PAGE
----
Friday, May 13, 2005
Mount St.Helens, a source of life and wilderness
This is a wonderful picture of the volcanic eruption of Mount St.Helen.
Virginia Dale was in the first helicopter load of ecologists to land at Mount St. Helens after it erupted 25 years ago this month. "I just remember how bizarre it was going out into that landscape," she says of the suddenly gray, ash-covered terrain. "It gave the impression of total lifelessness."
Dale, at the Oak Ridge National Laboratory in Tennessee, studies ecological succession, or how an environment recovers after a major disturbance. She jokingly calls herself a "disturbed ecologist."
When it comes to studying devastation, she tells Smithsonian magazine, "Mount St. Helens was off the scale."
The eruption on May 18, 1980, blew away the top 1,314 feet of the mountain, reducing the once symmetrical, glacier-covered summit to a horseshoe-shaped crater. All told, the eruption blasted more than 230 square miles of forests, lakes, meadows and streams. It killed 57 people -- the deadliest eruption in U.S. history -- and millions of animals and plants.
Today, life has returned with a vengeance. Where the avalanche obliterated everything, Dale has counted more than 150 species of wildflowers, shrubs and trees, with an average of 10 new plant species gaining a foothold every year. It seems life can take hold even in the most desolate landscape, and in ways no scientist could have foreseen.
Life returns to Pumice Plain
Charlie Crisafulli, a U.S. Forest Service ecologist, has been watching life return to the Pumice Plain, a six-square-mile area that was buried in ash and practically sterilized by the pyroclastic flows. Today, the mossy rain-fed ground cover glows chartreuse in the low light. Dense thickets of alders and willows, many 10 to 15 feet tall, grow along new streams that flow across the plain. Frogs croak, birds call. A small herd of elk grazes in the distance. Wildflowers dot the landscape with splashes of red, yellow, pink, white and purple.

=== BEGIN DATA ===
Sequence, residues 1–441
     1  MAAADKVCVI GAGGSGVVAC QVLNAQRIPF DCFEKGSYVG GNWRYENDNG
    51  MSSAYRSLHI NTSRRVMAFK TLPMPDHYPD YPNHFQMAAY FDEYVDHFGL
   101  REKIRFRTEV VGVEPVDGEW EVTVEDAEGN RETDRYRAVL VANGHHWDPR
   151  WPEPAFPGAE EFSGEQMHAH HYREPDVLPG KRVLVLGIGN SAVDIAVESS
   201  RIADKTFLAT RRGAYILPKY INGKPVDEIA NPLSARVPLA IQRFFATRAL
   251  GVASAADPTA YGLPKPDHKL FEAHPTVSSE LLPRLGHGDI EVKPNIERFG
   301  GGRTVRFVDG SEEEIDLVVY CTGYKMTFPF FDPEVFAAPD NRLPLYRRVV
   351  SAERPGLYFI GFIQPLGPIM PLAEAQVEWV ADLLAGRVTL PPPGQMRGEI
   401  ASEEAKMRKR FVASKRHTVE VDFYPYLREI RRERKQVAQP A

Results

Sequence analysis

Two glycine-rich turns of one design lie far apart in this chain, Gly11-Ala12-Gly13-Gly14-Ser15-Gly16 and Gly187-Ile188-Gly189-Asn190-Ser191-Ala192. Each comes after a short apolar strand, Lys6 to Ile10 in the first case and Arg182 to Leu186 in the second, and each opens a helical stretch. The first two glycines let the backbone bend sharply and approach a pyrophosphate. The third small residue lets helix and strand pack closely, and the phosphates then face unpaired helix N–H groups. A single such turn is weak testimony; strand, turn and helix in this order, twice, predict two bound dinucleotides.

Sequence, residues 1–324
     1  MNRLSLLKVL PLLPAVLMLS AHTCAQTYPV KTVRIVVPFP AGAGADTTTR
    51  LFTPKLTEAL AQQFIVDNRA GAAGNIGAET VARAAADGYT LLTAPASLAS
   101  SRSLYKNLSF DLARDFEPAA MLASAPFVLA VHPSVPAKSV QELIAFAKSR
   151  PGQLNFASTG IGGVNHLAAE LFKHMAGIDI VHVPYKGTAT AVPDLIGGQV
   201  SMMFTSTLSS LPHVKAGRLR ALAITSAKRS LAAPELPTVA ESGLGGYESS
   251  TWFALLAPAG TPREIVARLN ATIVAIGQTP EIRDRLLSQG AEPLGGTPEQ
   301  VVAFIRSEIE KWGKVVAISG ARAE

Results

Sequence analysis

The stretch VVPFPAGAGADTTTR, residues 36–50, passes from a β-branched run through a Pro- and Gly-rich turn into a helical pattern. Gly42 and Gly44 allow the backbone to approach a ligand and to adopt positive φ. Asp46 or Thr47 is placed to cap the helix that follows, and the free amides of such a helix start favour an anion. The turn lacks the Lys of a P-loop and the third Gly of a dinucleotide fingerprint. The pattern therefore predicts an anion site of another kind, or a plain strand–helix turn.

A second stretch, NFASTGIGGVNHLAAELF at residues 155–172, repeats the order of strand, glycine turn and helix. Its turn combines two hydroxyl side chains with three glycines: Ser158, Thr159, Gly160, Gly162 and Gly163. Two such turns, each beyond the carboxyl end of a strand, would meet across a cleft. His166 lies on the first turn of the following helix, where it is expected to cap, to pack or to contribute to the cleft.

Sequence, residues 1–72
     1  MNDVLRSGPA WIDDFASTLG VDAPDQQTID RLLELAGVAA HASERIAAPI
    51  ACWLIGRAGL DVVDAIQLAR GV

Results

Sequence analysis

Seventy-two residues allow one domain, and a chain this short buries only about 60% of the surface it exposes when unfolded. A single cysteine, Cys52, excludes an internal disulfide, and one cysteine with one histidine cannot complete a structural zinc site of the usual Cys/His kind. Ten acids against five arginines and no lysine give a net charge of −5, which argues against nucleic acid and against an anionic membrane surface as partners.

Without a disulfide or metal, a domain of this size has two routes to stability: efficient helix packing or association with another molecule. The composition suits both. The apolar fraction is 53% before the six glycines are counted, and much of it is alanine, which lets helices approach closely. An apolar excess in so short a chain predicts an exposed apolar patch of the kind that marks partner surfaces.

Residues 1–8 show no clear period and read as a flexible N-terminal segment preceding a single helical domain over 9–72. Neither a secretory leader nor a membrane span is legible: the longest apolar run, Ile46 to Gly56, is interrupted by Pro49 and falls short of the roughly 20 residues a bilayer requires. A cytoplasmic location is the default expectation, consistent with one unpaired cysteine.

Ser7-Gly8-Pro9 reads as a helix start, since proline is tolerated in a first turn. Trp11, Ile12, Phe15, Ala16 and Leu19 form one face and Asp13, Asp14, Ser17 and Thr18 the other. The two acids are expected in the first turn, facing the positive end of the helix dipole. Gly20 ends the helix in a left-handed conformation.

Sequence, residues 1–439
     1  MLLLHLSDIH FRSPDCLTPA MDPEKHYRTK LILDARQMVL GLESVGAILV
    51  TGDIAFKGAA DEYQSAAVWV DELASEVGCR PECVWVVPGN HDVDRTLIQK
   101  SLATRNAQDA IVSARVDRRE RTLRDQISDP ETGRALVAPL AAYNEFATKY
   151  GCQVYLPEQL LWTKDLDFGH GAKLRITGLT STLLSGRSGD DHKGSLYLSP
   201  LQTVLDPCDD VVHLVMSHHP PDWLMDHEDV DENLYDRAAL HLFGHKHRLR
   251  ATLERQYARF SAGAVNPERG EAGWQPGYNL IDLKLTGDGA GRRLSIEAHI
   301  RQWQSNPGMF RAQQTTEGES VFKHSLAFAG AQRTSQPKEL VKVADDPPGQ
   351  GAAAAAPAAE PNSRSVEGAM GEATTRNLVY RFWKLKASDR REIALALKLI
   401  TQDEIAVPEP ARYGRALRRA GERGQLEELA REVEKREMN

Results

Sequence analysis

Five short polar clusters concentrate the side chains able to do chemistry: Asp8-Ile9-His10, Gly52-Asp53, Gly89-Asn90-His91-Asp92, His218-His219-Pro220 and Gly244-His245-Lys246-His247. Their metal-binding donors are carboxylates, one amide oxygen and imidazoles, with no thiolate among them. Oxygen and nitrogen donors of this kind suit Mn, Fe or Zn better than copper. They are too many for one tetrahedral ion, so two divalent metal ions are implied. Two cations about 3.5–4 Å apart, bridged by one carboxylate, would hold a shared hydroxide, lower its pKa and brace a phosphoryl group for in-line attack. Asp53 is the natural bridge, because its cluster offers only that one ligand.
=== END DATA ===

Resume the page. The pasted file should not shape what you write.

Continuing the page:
In June 1982, Crisafulli and another ecologist, surveying the Pumice Plain by helicopter, spotted the first plant they'd seen for miles. They landed and found a flowering lupine, surrounded by a ring of seedlings. The deep ash and pumice held few nutrients, but lupines, like other plants in the pea family, get nitrogen from bacteria that live on their roots. Crisafulli established a 200-square-yard study plot around that pioneering plant. Within four years, he counted 16,000 lupines in the plot; three years later, 35,000.
The flourishing of life on the Pumice Plain may have begun with that lone lupine. Once the plants enriched the soil with nitrogen, adding organic material to it when they died, other plants and then animals soon followed. Within a decade of the eruption, Crisafulli had documented more than 27 plant species in the study plot. A large patch of strawberries sprang up just outside it, probably from a single seed deposited in bird or mammal feces.
Small mammals play a part
Crisafulli has trapped 11 species of small mammals on the Pumice Plain, including ground squirrels, mice and shrews. Each has sped up the area's recovery by caching seeds, burrowing through soil and luring predators such as raptors and weasels.
The great eruption had some other surprising effects on the balance of life in the rest of the region. Amphibians also are abundant here because they happened to be hibernating underground when the volcano exploded in 1980. By the time the animals emerged a month or so later, the eruption had blasted down all the trees around the lake. More sunlight hit the water, making it unusually warm and especially rich in the aquatic organisms toads feed on. The blast also killed off most of the toads' predators. Intriguingly, the western toad is declining in most of its range beyond Mount St. Helens.
Survivors bring in more life
Toads here, shrews there -- the scattering of volcano survivors and opportunists suggests that the return of life occurs simultaneously in thousands of places at once, says Jerry Franklin, an ecologist at the University of Washington in Seattle. The lesson applies to other damaged ecosystems, he says. Loggers shouldn't clear-cut the land, for instance, but instead leave behind "lifeboats" such as snags and living trees that will sustain other organisms and foster recovery.
Mount St. Helens' recovery has had many setbacks since the 1980 eruption. Stream erosion washed away some of the research plots. Landslides buried emerging forests. And other eruptions unleashed devastating pyroclastic flows. Last fall, Mount St. Helens erupted for the first time since 1986, sending up a cloud of steam and ash.
The rumblings have continued unabated, but Crisafulli and Dale don't mind. They welcome disturbances.